We’ve all been there: staring blankly at a computer screen, eyes glazed over for who knows how long, until you finally zap yourself to the present and find… What’s this? It couldn’t be! Why, it’s online shopping, and it has struck again! So much for getting work done, and meeting deadlines. Wave so long to that Greenlit game of yours, there’s no possible way it’ll be playable in time.
Or will it?
The amount of things you just get used to is astonishing. You can get used to a small screen, a bad relationship, a fattening diet, and even cramped spaces. In the case of the average developer, it’s easy to just give up and accept that the internet has mysterious, addictive ways. However, that shouldn’t seal your fate. If anything, it should motivate you to rise above. Especially if you’re like most indie developers, and have a day job. There’s only so much time for that game of yours, and we’re here to help you improve your productivity when working remotely.
1) Get Another Monitor
Before stating anything else, let’s just put it out there that none of the other tips involve money. This one might not either, assuming you have a second spare monitor to use. Remember, TV’s can also be used for this. But the reason why it’s even on this list is really invaluable: more screen space to get more done, plus it’s better on the eyes.
For instance, say you’re working on your average desktop. The screen can only fit so much on it, but with a second one, you can work on those collision points while checking email. More so, chances are one of the monitors will be bigger than the other, which in turn makes your primary task easier to see. With a smaller screen, there’s only so much you can do. It involves more tabs being open, more windows up, and having to constantly click back and forth between things. All that time clicking can be better spent actually getting stuff done.
Here’s another scenario: you’re in a Skype meeting with the team on one screen, but you need to have Unity pulled up. Rather than sacrifice Skype, and pull up Unity over it, now you can have both. You can even browse things for reference while working in Unity. Imagine test playing, and being able to check Slack!
2) Set Attainable Hourly Goals
Monday to Friday, I rise at 6:30 and begin working by 7. First thing I do is plan an itinerary for the day, with times. Normally the morning is always the same: check email and other messages by 8:45, email my team with their daily dose of industry new by 9, and finish a blog post by noon. After that, I assign projects for every hour on the hour, up until 3. And guess what? Being this strict about my time has allowed me to get more done in any given day than the system I had before, which was simply “get as much done as possible.”
In other words, if you’re working on your game, plan out what you can realistically do on an average day. Chances are each day will be different. Animations on Mondays, coding on Tuesdays, playtesting on Wednesday, weekly community engagement on Thursdays, etc. But declaring what you’re going to get done, before setting off to do it all, keeps you focused. Suddenly, you’re motivated, because you know exactly what they day will hold. Just remember to leave wiggle room for any unexpected surprises!
3) Get An Online Productivity Tool
Now, even the best of the best get distracted. It’s normal, it’s natural, it’s going to happen. Social media and online shopping never quit. However, there are ways to keep it to a minimum. Easy-to-use online productivity tool, Simpleology, is perfect for those looking for a browser bouncer, add-on and morning thought processor. In other words, this tool blocks access to any distracting website with the click of a button. It also has a Chrome extension, so when you’re working and something distracting pops up in your mind, you can type it into your browser bar and save it for Simpleology’s “Start My Day” box the following morning. In fact, every morning you use the tool to empty your rambling thoughts. Then, simply choose what you’d ideally like to get done in the next 8 hours, and boom, you’ve limited distractions.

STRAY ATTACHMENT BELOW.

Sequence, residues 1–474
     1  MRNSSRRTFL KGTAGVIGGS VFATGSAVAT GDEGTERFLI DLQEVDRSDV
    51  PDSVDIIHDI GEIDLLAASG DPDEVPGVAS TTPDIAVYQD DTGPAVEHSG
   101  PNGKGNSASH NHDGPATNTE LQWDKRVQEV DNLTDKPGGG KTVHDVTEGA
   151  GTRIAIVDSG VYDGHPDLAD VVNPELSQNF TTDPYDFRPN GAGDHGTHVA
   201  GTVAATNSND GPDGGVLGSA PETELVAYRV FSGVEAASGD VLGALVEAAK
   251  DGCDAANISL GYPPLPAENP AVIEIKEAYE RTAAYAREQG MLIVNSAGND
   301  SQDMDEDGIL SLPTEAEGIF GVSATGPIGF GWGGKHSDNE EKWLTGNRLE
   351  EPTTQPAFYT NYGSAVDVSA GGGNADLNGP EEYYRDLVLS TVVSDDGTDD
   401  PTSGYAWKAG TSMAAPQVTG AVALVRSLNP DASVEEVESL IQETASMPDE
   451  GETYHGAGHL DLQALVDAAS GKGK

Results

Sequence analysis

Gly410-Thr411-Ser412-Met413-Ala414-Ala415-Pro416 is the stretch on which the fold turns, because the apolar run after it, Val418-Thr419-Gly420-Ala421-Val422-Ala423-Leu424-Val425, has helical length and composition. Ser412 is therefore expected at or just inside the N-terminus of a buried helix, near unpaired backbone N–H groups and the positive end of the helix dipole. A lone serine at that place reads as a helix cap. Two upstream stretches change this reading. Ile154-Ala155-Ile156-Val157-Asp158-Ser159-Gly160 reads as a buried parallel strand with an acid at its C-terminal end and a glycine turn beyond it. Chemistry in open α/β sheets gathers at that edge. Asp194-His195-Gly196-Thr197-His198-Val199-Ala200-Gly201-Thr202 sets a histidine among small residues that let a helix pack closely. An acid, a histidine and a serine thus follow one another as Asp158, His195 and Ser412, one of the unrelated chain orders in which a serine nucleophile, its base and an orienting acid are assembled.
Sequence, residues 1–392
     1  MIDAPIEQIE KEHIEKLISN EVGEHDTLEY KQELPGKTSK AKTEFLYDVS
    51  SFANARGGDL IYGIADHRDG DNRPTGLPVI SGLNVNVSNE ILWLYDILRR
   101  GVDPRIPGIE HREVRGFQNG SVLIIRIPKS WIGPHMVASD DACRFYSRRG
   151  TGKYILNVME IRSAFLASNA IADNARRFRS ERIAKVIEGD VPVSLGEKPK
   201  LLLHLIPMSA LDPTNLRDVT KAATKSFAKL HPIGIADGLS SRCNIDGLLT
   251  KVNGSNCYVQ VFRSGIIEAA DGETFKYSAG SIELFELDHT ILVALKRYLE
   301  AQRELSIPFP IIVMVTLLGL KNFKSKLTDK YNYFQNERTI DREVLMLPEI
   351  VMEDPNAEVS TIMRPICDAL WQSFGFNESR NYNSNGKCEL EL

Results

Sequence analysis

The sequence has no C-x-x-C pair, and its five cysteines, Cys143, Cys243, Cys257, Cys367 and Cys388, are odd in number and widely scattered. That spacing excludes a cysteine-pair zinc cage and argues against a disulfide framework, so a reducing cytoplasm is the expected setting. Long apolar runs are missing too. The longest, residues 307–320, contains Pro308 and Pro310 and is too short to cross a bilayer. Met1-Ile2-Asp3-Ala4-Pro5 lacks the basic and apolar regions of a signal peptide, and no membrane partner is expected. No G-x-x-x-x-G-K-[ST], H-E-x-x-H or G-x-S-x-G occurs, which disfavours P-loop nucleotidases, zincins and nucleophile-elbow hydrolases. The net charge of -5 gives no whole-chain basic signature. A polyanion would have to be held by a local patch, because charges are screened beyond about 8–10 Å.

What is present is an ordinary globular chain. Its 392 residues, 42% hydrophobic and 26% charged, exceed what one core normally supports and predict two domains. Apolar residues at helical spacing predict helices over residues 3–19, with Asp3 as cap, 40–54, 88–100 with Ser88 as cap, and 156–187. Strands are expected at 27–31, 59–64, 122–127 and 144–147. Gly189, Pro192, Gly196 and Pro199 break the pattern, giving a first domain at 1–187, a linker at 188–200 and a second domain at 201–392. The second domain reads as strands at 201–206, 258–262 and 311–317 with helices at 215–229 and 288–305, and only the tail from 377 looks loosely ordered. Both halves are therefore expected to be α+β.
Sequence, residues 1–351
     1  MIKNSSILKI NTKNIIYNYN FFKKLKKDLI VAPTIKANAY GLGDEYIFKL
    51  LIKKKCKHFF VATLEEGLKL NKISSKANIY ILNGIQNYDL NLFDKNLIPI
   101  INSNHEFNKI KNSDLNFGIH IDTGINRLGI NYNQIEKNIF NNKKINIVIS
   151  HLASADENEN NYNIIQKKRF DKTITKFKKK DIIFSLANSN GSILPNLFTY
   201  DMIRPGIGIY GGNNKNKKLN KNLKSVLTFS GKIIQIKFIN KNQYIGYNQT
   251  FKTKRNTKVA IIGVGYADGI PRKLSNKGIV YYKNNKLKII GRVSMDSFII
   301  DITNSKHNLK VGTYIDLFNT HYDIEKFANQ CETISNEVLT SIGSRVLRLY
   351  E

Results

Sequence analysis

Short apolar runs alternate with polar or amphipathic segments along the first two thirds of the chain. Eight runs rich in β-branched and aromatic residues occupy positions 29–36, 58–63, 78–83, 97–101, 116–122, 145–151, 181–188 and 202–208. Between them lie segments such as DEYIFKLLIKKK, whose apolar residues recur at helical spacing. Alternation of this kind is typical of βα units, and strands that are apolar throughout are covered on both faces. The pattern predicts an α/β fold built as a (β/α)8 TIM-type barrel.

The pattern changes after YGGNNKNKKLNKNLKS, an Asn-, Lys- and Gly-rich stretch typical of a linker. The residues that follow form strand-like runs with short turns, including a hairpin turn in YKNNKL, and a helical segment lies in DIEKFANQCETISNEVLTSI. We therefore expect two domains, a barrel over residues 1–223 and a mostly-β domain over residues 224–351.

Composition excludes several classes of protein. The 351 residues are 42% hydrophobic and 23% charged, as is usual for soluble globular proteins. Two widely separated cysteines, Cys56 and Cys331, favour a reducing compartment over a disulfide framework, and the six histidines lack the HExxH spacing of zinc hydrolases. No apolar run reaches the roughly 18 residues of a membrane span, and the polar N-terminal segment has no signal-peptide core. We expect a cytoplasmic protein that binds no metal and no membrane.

It comes with a 30-day trial, but if you want a free version, just send a support request.
4) Don’t Skimp On the Snacks
If you’re like most people, you eat whatever is easiest while working. Maybe you reach for a candy bar, a yogurt, or something you can pop in the microwave. But did you know that what you eat affects your productivity? Consider whenever you’ve gone to Long Horn Steakhouse and almost died from being so stuffed from all that delicious food. They throw salad, bread and butter, and a giant entree at you, come on now. It’s absurd, more so if you make the mistake of ordering an appetizer. Chances are, after all that, you don’t feel like doing anything.
Sure, you’re not eating like this while working (hopefully), but you might be eating food loaded with sugar and simple carbs. Fun fact: these foods rank high on the glycemic index, an indicator of how rapidly carbs increase blood sugar. All those blood sugar spikes followed by sharp drops cause fatigue throughout the day. Looking at you Oreos!
Instead try eating blueberries, avocados, leafy green veggies, fatty fish, nuts and even dark chocolate, all of which are proven to improve your focus, and therefore, your productivity. If you’re lazy, and don’t want to go digging for healthy food, just prep a few containers for 2 days in advance. Get yourself some containers with separate sections, and fill each one with things like carrots, orange slices and yes, yogurt. Ziplock bags work just fine too!
5) Avoid Too Much Coffee
There was a point in time when I was drinking coffee every single morning, and then following it up with a second cup somewhere around noon. Little did I know at the time just how horrible this was. In those days, I was pulling long hours and for some reason I couldn’t quite place at the time, I was suffering from insomnia and some anxiety.
Well, as it turns out, too much coffee causes this. It causes a lot of other things too, like increased blood pressure, stomach ulcers, headaches, heart palpitations, dehydration, muscle twitches and spasms, etc. Upon finding this out, I stopped drinking coffee more than once per day and noticed I felt better. Soon, I switched it up to drinking coffee once every other morning, and felt even better. So, the moral of the story here is if you’re working on your game and drinking coffee to stay awake, just stop. Get some sleep and try again the next night. There’s no realistic way you can get anything substantial done while your heart is threatening to pump out of your chest.
Instead reach for some water, which keeps you hydrated and promotes a healthy system. If you drink coffee, limit how much you actually drink. Two or more cups isn’t a necessity after all.
6) Multitask Like Someone with ADD
The brain wiring of ADD makes it difficult to focus on only one thing at a time. Ask anyone with ADD and they’ll say the same thing: doing one thing at a time get boring, and they end up getting seriously distracted as a result. The task at hand needs to be stimulating, or interesting, in order to keep focused. And you know what? This is actually a great thing.